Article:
- Composer :Benjamin Britten
- Librettist :Montagu Slater
- Creation year :1945
- Creation place :United kingdom
- Acts number :3
- Reference :op.33
- Original language :English
- Opera House of original production :Sadler's Wells
A shockwave. When Benjamin Britten unveiled his Peter Grimes just after World War II, the London public was dumbstruck by this powerful drama, which not only marked the renaissance of English opera but became immediately established itself as a key work of the 20th century, able to hold its own against the great works of Puccini, Strauss and Janacek. Peter Grimes is a drama of fate: after Don Giovanni, Otello or Wozzeck, the composer picks up the theme of the outcast, the cursed hero whose destruction is foretold. Its setting: a news item in a small village in Suffolk, to which Britten’s sea-tinged music, by turns impressionistic and symbolic, lends heartrending accents of realism and truth. While the classic forms of opera (arias, duets, choruses) are respected, they are integrated into a fluid, continuous orchestral fabric in which moving harmonies describe the power of the sea, a parable for the storms that toss about in our minds.
What exactly happened to Peter Grimes’s apprentice, who disappeared under strange circumstances? That is what the residents of this little village in Suffolk are trying to find out. But Grimes’s explanations shed no light on the mystery, and the villagers distrust this surly individual: better for him to do without an apprentice from now on. Full of goodwill towards him, schoolteacher Ellen Orford tries to protect him, but nonetheless recommends that he behave less brutally towards young John, his new apprentice. The uncouth Grimes will hear none of it and treats his new apprentice so harshly that he panics…and falls from a cliff. The entire village is now at his heels, certain of his guilt even before hearing his side of the story. Rumours and gossip get the best of the fisherman, who is able to escape public condemnation and a lynching only by setting off to sea in his boat and scuttling it at sea.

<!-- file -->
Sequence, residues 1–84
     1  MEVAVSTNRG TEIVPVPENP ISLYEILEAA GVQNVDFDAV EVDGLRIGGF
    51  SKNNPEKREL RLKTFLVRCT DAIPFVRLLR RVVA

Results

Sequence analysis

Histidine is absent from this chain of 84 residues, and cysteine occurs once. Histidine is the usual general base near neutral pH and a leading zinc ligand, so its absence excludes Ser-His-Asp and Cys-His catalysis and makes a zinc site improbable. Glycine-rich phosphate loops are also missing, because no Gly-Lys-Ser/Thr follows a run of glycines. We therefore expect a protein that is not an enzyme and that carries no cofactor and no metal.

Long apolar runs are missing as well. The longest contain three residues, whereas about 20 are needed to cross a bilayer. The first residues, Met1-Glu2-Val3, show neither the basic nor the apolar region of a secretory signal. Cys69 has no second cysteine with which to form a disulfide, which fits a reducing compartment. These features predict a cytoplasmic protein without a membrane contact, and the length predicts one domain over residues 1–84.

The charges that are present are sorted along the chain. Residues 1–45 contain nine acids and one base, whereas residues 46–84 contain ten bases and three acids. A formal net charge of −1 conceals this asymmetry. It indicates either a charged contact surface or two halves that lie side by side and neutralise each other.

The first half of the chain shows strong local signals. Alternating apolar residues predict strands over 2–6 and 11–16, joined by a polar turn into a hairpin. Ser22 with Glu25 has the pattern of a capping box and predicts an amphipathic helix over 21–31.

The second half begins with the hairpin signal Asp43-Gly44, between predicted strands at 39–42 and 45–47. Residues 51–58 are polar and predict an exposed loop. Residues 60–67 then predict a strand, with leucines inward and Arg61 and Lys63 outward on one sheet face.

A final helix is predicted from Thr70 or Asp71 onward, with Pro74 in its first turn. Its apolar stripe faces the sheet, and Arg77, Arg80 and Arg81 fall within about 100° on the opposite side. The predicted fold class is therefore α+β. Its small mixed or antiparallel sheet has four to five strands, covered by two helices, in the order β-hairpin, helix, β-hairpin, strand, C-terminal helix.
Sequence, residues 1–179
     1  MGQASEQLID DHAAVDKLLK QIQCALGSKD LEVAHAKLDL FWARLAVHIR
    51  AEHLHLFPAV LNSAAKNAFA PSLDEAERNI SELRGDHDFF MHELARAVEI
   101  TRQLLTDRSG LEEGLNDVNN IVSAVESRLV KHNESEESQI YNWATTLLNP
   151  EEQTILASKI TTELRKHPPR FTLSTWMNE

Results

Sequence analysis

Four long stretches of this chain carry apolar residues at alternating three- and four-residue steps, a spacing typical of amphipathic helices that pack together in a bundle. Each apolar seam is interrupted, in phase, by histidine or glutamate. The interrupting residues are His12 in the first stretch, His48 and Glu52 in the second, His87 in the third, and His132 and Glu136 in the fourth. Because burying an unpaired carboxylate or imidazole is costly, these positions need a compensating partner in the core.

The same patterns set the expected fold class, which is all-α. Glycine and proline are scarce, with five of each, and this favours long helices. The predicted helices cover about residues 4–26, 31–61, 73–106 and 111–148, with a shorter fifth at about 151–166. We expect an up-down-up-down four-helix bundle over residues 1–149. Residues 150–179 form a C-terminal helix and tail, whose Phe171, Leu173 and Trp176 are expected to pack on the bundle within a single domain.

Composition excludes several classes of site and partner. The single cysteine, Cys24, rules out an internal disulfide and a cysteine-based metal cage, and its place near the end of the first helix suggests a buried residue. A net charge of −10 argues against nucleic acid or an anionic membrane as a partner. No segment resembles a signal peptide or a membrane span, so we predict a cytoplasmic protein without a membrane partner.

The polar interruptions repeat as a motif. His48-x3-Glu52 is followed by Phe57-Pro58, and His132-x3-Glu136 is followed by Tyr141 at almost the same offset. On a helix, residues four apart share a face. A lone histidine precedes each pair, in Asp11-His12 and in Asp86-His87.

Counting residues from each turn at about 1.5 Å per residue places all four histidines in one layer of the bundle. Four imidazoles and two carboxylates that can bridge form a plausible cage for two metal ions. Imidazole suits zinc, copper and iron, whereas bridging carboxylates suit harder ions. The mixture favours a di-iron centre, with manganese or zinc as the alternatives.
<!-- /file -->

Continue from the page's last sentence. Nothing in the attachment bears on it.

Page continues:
Fisherman Peter Grimes has been asked to account for the mysterious disappearance of his apprentice. An accident, surely. But the inquest’s conclusions are uncertain, and Grimes is advised not to take on any more apprentices : from Captain Balstrode to the apothecary Ned Keene, everyone seems to agree. The fisherman would simply like to find the money to be able to wed the gentle Ellen Orford, the schoolteacher who comes to his defence. As a storm rages, Grimes takes refuge in the inn, where the village is gathered. But his marginal character and his ambiguities alienate the others, and when Ellen comes in, with John, a new apprentice, Grimes forcefully drags the boy off with him into the night.
As the crowd heads for the church, Ellen notes signs of bruising on John’s body. She questions the lad without getting a response, then questions Peter Grimes, fearing the worst. When Ellen suggests that the fisherman treat his apprentice carefully and allow him some rest, Peter refuses to hear of it and even threatens Ellen.
Excerpt: « The unrelenting work »
The exchange between Grimes and Ellen is observed and then reported by several women : the villagers seize on the gossip, and rumours fly. Boles works up the men against Grimes, and the crowd, about to unleash itself, heads for his hut, chanting that they must act before any new tragedy occurs. Ellen, Auntie and her nieces remain alone.
Beside himself and gripped by panic, Grimes is persuaded that the boy has reported him when the villagers approach his home. He crudely orders the boy to get on board with him, but when he comes outside, the boy slips and falls from the cliff, screaming. By the time the villagers arrive, it is too late: Grimes has disappeared.
In the village, everyone is convinced that Grimes (once again!) has murdered his apprentice. As Ellen and some others set off to look for him, wanting to come to his aid, others begin a man-hunt. The sounds of the collective hysteria reach the fisherman’s ears. His only way out, according to Balstrode, is to set off fishing and never return. Grimes obeys, sets off in his boat, and sinks himself at sea. When the sun rises the following day, there is only a report that a boat sank during the night. Curtain.